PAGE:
Phil Cooke: "Gimmicks may get attention, but truly original ideas change the world."
Gimmick: an ingenious or novel device, scheme or stratagem, especially one designed to attract attention or increase appeal.
This may sound strange, but one of the biggest reasons I work in media ministry today is that growing up, I thought pastors were so embarrassing. Being a pastor’s kid in the South during the ’50s and ’60s was tough. Pastors were always doing wacky stuff to attract attention. One pastor sat perched on a chair atop a three-story-high pole until Sunday attendance hit a certain number. Another one locked himself in the steeple, praying for revival. You may remember pastors who shaved their heads if the youth program brought enough visitors.
Witnessing to a friend at school was much more difficult when his big question was, “Why does Pastor Jones do such stupid things?”
From an early age, I was incredibly sensitive to church gimmicks and the thought that an outrageous stunt would help reach more people with the Gospel. Don’t get me wrong. Most of those leaders were incredibly sincere; they genuinely wanted to expand the kingdom. Unfortunately, they didn’t realize what the most creative communicators know: Gimmicks may get attention, but truly original ideas change the world.
Today, I’m seeing another wave of gimmicks from a new generation of leaders—outrageous billboards, sex- and technology-related stunts, mock events in their community—all to get attention and capture that elusive “buzz” factor. I love creativity, and I’m wide open to whatever idea you want to float. But it’s important to understand the difference between a gimmick and an original, enduring idea.
Gimmicks are about short-term gain, not long-term relationships.
They get attention, but do they really change people’s thinking? Some pastors seem almost addicted to the attention gimmicks bring. As a result, they look for the most outrageous sermon themes or advertising ideas. But in the age of Lady Gaga, trying to shock an audience with a racy church billboard doesn’t pack much of a punch anymore.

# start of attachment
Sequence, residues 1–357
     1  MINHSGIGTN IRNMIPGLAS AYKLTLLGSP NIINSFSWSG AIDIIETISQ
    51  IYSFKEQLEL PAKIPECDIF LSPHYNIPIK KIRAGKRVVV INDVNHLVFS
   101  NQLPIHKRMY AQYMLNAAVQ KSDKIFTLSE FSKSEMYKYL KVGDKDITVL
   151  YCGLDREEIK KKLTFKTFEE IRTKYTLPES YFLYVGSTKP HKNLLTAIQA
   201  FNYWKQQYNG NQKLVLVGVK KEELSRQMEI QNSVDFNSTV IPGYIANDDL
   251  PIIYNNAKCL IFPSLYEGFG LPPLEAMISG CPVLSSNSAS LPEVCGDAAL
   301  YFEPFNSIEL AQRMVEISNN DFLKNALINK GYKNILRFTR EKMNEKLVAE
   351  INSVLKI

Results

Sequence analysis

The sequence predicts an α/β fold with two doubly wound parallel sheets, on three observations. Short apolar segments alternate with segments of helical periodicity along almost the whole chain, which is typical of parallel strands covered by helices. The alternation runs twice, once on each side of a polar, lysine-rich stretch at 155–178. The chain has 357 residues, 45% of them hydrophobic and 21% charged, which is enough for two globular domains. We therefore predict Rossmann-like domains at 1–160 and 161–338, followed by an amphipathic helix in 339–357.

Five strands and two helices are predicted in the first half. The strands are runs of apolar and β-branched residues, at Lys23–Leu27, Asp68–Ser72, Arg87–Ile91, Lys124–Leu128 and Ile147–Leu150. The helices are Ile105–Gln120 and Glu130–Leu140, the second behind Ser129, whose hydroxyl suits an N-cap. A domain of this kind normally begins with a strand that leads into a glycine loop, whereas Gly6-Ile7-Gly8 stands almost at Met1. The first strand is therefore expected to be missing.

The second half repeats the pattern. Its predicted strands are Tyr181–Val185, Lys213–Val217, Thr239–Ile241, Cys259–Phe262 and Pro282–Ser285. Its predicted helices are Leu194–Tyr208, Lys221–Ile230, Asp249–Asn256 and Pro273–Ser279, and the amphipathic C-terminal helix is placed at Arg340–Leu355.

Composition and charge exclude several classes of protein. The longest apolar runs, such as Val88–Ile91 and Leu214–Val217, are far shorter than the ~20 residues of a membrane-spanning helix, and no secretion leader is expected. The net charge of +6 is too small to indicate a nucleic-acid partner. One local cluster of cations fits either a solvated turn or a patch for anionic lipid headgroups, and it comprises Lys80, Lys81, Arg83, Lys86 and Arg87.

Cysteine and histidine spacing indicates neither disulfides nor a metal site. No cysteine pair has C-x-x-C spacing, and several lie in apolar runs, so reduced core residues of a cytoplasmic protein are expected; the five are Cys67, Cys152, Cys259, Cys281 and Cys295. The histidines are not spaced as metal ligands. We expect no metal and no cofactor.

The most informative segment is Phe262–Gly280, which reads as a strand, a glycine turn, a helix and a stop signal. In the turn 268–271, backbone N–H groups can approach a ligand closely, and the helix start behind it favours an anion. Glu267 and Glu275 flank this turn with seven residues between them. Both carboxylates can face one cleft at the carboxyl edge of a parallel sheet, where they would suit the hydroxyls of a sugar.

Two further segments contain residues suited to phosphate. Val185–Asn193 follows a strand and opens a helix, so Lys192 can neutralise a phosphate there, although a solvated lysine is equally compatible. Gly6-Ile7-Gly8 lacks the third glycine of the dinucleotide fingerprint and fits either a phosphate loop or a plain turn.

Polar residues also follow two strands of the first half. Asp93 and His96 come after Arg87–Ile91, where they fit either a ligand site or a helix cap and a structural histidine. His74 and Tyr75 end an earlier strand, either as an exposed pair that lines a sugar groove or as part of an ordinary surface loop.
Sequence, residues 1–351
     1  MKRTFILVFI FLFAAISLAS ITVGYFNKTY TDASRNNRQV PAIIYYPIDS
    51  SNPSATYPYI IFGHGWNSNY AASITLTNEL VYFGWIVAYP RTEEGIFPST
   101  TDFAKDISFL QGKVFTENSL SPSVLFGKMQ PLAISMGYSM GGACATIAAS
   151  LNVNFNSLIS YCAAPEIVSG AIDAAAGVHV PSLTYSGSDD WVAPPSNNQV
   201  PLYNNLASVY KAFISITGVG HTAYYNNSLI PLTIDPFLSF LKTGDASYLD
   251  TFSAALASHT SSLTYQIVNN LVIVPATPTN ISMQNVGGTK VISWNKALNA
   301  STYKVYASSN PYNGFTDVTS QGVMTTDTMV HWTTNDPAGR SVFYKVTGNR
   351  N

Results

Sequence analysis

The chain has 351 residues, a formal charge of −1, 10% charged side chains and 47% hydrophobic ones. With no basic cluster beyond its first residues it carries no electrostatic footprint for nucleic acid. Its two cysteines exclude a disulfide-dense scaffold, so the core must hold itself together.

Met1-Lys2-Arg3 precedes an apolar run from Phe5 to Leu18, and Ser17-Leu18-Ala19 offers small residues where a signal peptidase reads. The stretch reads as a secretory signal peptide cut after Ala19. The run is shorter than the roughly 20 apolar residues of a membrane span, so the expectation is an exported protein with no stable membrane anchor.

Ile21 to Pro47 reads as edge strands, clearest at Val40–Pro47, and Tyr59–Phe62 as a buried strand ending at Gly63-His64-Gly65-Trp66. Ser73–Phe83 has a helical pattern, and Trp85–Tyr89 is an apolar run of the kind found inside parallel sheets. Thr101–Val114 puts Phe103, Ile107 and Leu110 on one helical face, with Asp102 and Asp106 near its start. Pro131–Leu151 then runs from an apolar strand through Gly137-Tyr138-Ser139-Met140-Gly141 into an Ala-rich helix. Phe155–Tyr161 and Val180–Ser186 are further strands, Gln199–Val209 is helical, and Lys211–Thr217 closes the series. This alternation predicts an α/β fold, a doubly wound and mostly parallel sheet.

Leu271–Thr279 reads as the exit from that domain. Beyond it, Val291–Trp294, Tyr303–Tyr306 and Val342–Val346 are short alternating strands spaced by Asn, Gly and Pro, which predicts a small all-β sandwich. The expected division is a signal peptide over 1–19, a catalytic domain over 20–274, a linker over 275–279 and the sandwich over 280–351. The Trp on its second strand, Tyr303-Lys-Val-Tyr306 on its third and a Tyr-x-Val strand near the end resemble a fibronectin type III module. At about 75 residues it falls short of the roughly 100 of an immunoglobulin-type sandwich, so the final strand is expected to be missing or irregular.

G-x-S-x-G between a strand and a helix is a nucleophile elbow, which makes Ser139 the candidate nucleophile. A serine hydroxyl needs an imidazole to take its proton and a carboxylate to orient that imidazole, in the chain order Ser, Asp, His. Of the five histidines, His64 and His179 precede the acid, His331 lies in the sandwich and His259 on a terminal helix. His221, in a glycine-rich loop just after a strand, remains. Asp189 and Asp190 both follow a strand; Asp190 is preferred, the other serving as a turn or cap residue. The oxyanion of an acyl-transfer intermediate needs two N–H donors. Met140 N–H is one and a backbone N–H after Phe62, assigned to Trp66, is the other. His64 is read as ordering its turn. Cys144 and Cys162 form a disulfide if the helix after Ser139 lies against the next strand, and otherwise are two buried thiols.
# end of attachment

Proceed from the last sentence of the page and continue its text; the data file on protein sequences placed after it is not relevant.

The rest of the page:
Gimmicks can be dangerous.
What’s funny to you might be offensive or hurtful to others. In 2010, Spirit Airlines launched the “Check the Oil on Our Beaches” ad campaign, trying to humorously promote beach destinations untouched by the BP oil spill. But the company was remarkably tone deaf to the hundreds of thousands whose jobs were lost and lives devastated by the tragic spill in the Gulf of Mexico. The public was not amused, and the campaign was quickly pulled.
Gimmicks often backfire.
Instead of generating positive press, they often create criticism. Trying to be edgy and cool, McDonald’s released its “I’d Hit It” campaign, thinking the phrase meant “choosing it.” But the street phrase actually means something much more provocative. Ronald McDonald must have been so proud.
Gimmicks can cheapen your perception and reputation.
Ultimately, do you want to be known as a pastor, teacher or leader who taught the Word and timeless principles that impacted lives, or as “the guy who preached a sermon in his boxer shorts?”
Pastor Matthew Barnett didn’t need a gimmick to lay the foundation for the Los Angeles Dream Center, which is transforming inner-city Los Angeles. Pastor Mark Jeske didn’t need a gimmick to inspire St. Marcus Lutheran Church to create an incredibly successful Christian school in inner-city Milwaukee. Pastor Jack Graham at Prestonwood Baptist Church in Plano, Texas, has inspired thousands of entrepreneurial ministries and businesses—and none of those ideas has a trace of a gimmick. The list goes on and on.
I’ve spent my career helping churches, ministries and nonprofits be more creative in the ways they engage today’s cluttered and distracted culture. So I’m certainly not against innovative methods to share your story. Explore unusual ideas. Break some artistic boundaries. But don’t do it at the expense of a gimmick that could undermine you and your church’s credibility and impact.